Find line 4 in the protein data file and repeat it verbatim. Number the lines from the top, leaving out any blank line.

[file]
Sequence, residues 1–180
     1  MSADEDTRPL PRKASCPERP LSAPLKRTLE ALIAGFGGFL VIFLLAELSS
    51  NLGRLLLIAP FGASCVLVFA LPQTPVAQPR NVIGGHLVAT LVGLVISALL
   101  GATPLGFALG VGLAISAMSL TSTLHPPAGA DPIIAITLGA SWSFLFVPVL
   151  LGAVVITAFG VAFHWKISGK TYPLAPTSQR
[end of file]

   101  GATPLGFALG VGLAISAMSL TSTLHPPAGA DPIIAITLGA SWSFLFVPVL